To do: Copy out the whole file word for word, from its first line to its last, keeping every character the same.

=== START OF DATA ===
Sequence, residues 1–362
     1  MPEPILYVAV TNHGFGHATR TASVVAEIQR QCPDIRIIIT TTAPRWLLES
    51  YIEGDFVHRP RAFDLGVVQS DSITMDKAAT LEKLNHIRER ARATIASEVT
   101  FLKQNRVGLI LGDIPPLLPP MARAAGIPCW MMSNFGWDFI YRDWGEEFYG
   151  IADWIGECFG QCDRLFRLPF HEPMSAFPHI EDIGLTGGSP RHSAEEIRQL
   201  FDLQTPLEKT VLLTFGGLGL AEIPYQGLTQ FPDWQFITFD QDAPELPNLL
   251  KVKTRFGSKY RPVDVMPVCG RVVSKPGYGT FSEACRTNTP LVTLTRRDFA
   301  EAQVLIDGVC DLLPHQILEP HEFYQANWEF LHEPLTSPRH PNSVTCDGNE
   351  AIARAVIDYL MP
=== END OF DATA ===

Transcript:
Sequence, residues 1–362
     1  MPEPILYVAV TNHGFGHATR TASVVAEIQR QCPDIRIIIT TTAPRWLLES
    51  YIEGDFVHRP RAFDLGVVQS DSITMDKAAT LEKLNHIRER ARATIASEVT
   101  FLKQNRVGLI LGDIPPLLPP MARAAGIPCW MMSNFGWDFI YRDWGEEFYG
   151  IADWIGECFG QCDRLFRLPF HEPMSAFPHI EDIGLTGGSP RHSAEEIRQL
   201  FDLQTPLEKT VLLTFGGLGL AEIPYQGLTQ FPDWQFITFD QDAPELPNLL
   251  KVKTRFGSKY RPVDVMPVCG RVVSKPGYGT FSEACRTNTP LVTLTRRDFA
   301  EAQVLIDGVC DLLPHQILEP HEFYQANWEF LHEPLTSPRH PNSVTCDGNE
   351  AIARAVIDYL MP